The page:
Imagine you are at the edge of the sea on a day when it is difficult to say where the land ends and the sea begins and where the sea ends and the sky begins. Sea kayaking lets you explore these and your own boundaries and broadens your horizons. Sea kayaking is the new mountaineering.
From Camusfearna we followed the pine covered rocky coast of the Glenelg peninsula south until we came to the entrance of Loch Hourn.
This sea loch stretches deep into the mountains for 22km from its mouth on the Sound of Sleat.
We set off across its entrance for the south shore while my brother in his little RIB "The Guppy" motored slowly up the north shore so as not to disturb us.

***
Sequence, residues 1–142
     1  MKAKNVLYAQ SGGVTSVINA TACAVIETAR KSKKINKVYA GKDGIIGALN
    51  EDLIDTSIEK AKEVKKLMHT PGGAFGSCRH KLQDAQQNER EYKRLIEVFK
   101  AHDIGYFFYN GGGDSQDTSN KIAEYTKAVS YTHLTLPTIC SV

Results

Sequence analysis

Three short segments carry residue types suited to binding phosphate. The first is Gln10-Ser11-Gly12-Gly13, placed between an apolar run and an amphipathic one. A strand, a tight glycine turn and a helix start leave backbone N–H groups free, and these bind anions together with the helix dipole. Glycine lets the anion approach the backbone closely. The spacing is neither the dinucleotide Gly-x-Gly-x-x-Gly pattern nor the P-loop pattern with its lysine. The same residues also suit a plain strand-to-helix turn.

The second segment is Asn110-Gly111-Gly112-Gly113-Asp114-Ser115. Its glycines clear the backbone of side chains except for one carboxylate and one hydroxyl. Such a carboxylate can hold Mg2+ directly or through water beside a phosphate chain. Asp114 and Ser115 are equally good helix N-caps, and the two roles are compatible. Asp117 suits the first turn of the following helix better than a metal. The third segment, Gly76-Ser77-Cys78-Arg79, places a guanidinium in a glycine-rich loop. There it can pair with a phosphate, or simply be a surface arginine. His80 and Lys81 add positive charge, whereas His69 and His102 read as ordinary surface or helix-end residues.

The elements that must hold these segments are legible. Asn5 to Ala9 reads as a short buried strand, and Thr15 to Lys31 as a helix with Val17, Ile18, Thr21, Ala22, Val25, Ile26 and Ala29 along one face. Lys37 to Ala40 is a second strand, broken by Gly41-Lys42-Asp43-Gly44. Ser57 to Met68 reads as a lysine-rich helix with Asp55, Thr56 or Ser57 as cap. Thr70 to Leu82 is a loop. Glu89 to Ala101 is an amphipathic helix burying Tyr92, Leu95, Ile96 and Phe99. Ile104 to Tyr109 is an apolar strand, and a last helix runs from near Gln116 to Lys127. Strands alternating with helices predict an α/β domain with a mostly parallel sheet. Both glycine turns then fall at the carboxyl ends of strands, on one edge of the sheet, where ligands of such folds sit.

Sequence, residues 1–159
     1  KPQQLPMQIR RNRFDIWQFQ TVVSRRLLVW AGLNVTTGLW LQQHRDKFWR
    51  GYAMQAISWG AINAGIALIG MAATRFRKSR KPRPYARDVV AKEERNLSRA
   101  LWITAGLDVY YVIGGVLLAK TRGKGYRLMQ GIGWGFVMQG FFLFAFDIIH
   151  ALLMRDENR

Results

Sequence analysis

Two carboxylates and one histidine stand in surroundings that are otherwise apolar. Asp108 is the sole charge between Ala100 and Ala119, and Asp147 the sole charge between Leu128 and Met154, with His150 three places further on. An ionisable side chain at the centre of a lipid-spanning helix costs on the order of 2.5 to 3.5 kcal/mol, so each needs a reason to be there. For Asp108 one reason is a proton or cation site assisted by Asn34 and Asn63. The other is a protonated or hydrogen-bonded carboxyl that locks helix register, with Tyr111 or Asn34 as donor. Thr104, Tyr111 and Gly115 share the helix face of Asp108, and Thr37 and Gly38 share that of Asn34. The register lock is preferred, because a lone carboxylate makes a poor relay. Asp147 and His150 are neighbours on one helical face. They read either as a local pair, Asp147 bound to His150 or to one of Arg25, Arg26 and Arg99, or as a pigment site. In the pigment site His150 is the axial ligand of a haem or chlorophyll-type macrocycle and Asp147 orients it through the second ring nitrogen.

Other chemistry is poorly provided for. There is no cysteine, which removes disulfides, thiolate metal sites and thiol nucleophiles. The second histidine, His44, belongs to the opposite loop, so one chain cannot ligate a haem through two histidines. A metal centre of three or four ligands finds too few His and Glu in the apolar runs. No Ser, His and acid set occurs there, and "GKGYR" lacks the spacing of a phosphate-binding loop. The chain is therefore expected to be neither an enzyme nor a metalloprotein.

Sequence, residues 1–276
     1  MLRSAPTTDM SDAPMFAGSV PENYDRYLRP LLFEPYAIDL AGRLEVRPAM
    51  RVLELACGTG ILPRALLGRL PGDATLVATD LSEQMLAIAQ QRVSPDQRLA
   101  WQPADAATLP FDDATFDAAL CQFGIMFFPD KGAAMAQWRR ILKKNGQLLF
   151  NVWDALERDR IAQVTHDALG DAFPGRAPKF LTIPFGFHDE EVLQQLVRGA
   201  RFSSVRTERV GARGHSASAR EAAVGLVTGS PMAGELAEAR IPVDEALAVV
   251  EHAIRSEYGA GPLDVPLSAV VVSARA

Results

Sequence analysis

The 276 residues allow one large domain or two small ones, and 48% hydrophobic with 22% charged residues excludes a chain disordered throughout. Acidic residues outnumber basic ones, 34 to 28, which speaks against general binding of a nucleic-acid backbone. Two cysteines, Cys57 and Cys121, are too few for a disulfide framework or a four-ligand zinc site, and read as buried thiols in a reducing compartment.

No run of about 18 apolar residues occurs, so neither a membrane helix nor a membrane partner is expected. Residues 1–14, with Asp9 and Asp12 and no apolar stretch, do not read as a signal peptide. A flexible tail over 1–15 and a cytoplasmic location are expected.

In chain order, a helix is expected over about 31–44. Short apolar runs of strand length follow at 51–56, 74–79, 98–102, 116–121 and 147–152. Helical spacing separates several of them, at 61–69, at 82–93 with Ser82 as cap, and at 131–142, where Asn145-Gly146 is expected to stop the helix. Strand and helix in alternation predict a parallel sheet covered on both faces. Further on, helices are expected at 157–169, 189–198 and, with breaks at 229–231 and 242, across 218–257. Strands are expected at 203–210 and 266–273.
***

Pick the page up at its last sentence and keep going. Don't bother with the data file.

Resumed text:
The NE wind dropped in the lee of Beinn Sgritheall, 974m, as we passed the halfway point at a shallow reef marked by a pole; Sgeir Ulibhe or Wolf Rock. Don't be fooled by the apparent shallow water, just to the south of the rock, the glacial trench that forms Loch Hourn is 189m deep. That is deeper than the Atlantic Ocean until about 100km west of the Outer Hebrides!
As we cleared the Glenelg peninsula, a magnificent view of the rocky Skye Cuillin ridge opened up to the WNW.
By the time we had crossed the mouth of Loch Hourn and...
...reached its Knoydart shore, it was well past time for second breakfast.